By Laura McFarland
Rocky Mount Telegram
Kristina Day's gut tells her that her youngest son does not have autism.
In his short, 6-month life, William Day has not shown any of the symptoms, but she is not willing to rule it out. She said she was burned too badly before her oldest son, Matthew, 4, was diagnosed with the disorder.
"If (William) does have autism, it is high-functioning. I haven't seen the sensory issues, and I haven't seen the developmental delays ... but I don't know right now," said Day of Durham.
It wasn't the fear of having another autistic child that convinced Day to have William participate in a study about infants at risk for the disorder. Her motivation was more about helping doctors learn everything they can about autism.
William is one of a handful of babies already participating in a study to look at their brain development and behavior, said Dr. Heather Cody Hazlett, a co-investigator of the study and an assistant professor of psychiatry at the University of North Carolina-Chapel Hill. He and the other infants involved in the study have been deemed at high risk for autism because they have an older sibling who already has been diagnosed.
The national study will look at 400 infants across the nation during the next five years – 100 of them at UNC-Chapel Hill, Hazlett said. The university already has enrolled 10 children and is looking for other families who would like to participate.
"The first thing that we would hope to accomplish is to get a better understanding of what is going on in early brain development in children with autism. Ultimately, we would hope to find biological features associated with brain growth that might help us with earlier identification or diagnoses of autism," Hazlett said.
Autism is a developmental disability that usually appears during the first three years of life and affects a person's ability to communicate and interact with others, Hazlett said.
The disorder is typically characterized by the presence of repetitive behaviors or restricted interests. It is a lifelong condition with no cure and no single known cause.
The study looks at the infants at their 6-, 12- and 24-month-old marks, Hazlett said. If a child misses the 6-month tests, the study is enrolling some for the next stage.
Participating in the study means bringing the infant to UNC-Chapel Hill for developmental and behavioral testing and an MRI that is done while the child is sleeping, Hazlett said.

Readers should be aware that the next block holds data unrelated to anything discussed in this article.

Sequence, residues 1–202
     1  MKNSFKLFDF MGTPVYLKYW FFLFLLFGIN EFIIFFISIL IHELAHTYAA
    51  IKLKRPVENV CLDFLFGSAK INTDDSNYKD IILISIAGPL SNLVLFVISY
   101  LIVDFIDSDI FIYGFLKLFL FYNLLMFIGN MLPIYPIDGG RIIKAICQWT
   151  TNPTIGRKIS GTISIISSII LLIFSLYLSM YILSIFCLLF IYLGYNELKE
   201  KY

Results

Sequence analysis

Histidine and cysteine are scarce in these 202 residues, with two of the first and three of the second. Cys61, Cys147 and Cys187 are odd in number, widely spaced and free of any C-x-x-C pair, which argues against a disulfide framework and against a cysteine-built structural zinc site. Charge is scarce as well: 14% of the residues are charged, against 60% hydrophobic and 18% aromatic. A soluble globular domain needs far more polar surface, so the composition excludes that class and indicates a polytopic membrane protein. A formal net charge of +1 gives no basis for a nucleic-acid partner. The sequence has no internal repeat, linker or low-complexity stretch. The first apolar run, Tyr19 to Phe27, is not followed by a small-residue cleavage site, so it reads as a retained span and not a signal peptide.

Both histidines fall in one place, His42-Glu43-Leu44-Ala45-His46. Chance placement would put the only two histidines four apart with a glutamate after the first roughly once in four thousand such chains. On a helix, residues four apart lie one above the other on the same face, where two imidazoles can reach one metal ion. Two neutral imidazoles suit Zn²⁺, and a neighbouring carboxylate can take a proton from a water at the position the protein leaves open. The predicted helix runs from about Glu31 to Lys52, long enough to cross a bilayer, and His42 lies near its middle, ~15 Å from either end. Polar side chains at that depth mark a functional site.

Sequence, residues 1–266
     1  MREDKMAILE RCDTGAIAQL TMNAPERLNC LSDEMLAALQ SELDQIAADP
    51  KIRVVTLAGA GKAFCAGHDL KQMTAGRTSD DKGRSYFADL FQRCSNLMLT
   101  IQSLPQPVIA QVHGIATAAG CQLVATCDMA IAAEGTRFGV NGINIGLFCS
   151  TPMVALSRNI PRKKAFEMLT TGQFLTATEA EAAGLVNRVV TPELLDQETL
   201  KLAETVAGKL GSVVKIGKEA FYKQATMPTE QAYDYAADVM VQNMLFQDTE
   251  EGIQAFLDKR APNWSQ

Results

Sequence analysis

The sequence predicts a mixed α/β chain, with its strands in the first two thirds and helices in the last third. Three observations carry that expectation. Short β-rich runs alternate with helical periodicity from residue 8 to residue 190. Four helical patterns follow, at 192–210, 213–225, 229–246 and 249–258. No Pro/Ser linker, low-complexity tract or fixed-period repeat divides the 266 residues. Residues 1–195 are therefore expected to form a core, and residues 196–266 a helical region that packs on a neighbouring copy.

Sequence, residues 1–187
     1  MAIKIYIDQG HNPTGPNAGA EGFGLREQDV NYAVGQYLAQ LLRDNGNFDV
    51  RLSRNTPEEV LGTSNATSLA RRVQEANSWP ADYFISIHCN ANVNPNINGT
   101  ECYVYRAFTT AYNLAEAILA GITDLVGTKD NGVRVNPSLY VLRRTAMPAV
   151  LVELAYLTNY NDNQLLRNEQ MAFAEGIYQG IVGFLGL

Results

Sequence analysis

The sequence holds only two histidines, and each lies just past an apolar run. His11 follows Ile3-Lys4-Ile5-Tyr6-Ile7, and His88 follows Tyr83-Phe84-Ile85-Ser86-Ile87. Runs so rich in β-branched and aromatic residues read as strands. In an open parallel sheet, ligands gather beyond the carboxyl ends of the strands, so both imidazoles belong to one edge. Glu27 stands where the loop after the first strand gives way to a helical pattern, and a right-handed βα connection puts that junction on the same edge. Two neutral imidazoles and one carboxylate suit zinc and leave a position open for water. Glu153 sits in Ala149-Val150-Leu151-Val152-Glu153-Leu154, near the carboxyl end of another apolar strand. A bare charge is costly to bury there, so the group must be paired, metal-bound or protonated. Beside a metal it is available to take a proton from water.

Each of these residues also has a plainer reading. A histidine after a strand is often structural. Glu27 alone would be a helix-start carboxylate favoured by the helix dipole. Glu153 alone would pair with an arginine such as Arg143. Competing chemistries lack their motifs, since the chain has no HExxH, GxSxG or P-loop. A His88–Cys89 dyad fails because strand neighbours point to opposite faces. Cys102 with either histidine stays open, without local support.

There is no sedation. The tests are repeated at all three age marks.
"It is the only study that I am aware of that is trying to take such a comprehensive look at very early brain development in autism. Because we don't know the cause of autism, we are looking for ways to better identify children who may develop autism early so that we can start intervention as early as possible," Hazlett said.
Day would have appreciated the benefit of early detection. She was suspecting something was wrong with Matthew when he was 5 months old.
He was diagnosed with a sensory-based feeding disorder and a sensory integration dysfunction at 13 months. At 18 months, doctors suspected autism, but they wouldn't confirm it until he turned 2, despite a growing list of signs.
"He can't tolerate certain textures, certain smells. He used to not be able to tolerate certain colors of food. He still eats a 50 percent puree diet. He cannot chew some hard food, and he can't actively swallow because of the way it feels in his mouth," Day said.
Day believes autism is a biological condition children are born with, not something they contract from a vaccine. That is part of what she hopes the study will help prove.
People who participate in the study are reimbursed for travel and lodging during the three visits, Hazlett said. There is also a small compensation for participating.
The study will be enrolling infants with older siblings with autism for at least a few more years, Hazlett said.